Allogeneic stem cells and immunomodulatory biomaterials for cardiac tissue engineering

Jun 28, 2022, 11:50 AM
Room: S3 A

Room: S3 A


Dhingra, Sanjiv (Institute of Cardiovascular Sciences, University of Manitoba )


Introduction: Stem cells are being tested in clinical trials for cardiac repair. Bone marrow derived allogeneic (unrelated donor) mesenchymal stem cells and induced pluripotent stem cells (iPSC) have emerged as ideal cell types for cardiac repair and regeneration. Outcome of initial allogeneic stem cells based clinical trials was positive. There were no significant side effects observed after cell transplantation. In fact, the implanted cells were able to improve cardiac function. However, poor survival of transplanted cells in the myocardium is a major hurdle in clinical translation of stem cell-based therapies for cardiac repair.
Methods: We have previously reported that after transplantation in the ischemic heart stem cells display immunogenicity and are rejected by recipient immune system. In our ongoing studies, we have been engaged in developing immunomodulatory biomaterials-based strategies to prolong survival of transplanted stem cells in the heart. We synthesized MXene quantum dots (MQDs) with tailored surface properties to possess intrinsic immunomodulatory properties.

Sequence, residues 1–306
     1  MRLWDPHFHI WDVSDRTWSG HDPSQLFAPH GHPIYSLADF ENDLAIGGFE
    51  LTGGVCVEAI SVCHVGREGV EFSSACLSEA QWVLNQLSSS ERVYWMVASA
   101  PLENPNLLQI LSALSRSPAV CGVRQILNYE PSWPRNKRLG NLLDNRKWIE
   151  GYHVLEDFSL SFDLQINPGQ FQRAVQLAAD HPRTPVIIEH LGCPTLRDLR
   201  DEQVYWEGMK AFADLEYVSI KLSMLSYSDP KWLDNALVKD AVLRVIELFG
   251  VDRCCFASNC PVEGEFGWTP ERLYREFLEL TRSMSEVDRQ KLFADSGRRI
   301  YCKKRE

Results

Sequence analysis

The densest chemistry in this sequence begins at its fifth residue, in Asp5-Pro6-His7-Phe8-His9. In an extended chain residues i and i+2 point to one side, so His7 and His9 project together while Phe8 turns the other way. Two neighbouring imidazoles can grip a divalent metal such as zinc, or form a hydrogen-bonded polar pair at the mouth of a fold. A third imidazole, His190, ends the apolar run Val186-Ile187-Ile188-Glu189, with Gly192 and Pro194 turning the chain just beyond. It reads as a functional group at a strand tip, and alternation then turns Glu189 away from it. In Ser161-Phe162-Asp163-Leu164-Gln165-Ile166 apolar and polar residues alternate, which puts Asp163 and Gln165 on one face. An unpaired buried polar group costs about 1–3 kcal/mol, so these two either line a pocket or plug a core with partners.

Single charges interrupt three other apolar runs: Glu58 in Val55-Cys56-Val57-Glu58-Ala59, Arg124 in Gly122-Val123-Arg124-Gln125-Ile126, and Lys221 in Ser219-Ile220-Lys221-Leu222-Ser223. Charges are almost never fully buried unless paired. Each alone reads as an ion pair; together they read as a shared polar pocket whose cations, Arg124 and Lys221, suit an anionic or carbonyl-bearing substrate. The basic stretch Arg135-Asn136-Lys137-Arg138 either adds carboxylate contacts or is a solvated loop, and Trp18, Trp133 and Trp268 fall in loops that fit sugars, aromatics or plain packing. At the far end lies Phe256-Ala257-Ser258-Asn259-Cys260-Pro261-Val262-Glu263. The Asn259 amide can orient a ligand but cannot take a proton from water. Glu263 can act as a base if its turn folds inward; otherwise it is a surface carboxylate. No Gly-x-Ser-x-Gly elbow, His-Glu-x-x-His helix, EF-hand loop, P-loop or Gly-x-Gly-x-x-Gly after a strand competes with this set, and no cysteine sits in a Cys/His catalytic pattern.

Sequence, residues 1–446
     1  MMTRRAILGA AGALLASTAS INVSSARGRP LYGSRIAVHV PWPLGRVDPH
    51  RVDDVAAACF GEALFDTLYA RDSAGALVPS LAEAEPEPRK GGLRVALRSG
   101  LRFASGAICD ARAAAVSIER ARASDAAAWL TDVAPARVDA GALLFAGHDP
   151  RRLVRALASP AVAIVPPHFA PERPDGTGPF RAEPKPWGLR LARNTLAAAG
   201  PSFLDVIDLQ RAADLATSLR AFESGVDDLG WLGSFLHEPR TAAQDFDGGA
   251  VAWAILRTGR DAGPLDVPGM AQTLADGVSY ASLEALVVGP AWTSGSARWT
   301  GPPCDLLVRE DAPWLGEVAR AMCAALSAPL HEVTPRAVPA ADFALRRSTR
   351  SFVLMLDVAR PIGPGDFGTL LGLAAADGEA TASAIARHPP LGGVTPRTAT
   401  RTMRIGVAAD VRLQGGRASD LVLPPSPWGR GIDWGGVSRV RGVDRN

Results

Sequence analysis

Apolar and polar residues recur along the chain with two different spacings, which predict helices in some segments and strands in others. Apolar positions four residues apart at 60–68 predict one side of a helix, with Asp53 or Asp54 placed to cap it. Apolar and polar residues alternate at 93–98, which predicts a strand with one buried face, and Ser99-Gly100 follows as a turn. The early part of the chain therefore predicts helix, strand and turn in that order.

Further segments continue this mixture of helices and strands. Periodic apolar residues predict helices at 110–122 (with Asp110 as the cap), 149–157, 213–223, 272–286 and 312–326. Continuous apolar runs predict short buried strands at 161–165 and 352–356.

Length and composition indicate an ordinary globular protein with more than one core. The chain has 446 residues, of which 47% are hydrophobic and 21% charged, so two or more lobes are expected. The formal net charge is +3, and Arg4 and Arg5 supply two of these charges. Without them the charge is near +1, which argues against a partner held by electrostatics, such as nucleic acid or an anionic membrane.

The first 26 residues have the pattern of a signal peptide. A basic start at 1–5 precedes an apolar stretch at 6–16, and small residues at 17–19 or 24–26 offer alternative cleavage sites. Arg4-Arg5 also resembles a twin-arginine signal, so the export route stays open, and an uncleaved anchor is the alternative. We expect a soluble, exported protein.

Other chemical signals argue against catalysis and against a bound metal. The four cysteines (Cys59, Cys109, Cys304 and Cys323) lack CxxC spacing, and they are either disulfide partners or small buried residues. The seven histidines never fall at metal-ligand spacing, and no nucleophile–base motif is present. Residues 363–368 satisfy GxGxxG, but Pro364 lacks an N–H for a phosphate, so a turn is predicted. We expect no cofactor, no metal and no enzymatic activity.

Results and conclusion: Our data demonstrate that MQDs were spontaneously uptaken into antigen-presenting cells and downregulated the expression of genes involved in alloantigen presentation, and consequently reduced the activation of allogeneic lymphocytes. Furthermore, MQDs are able to selectively reduce activation of CD4+IFN-γ+ T-lymphocytes and promote expansion of immunosuppressive CD4+CD25+FoxP3+ regulatory T-cells in a stimulated human lymphocyte population. Furthermore, MQDs are biocompatible with MSCs and iPSC. Next, MQDs were incorporated into a chitosan-based hydrogel to create a 3D platform for stem cell delivery to the heart. This composite immunomodulatory hydrogel-based platform improved survival of stem cells and mitigated allo-immune responses. These findings suggest that this new class of biomaterials may bridge the translational gap in stem cells and biomaterials-based strategies for cardiac tissue engineering.


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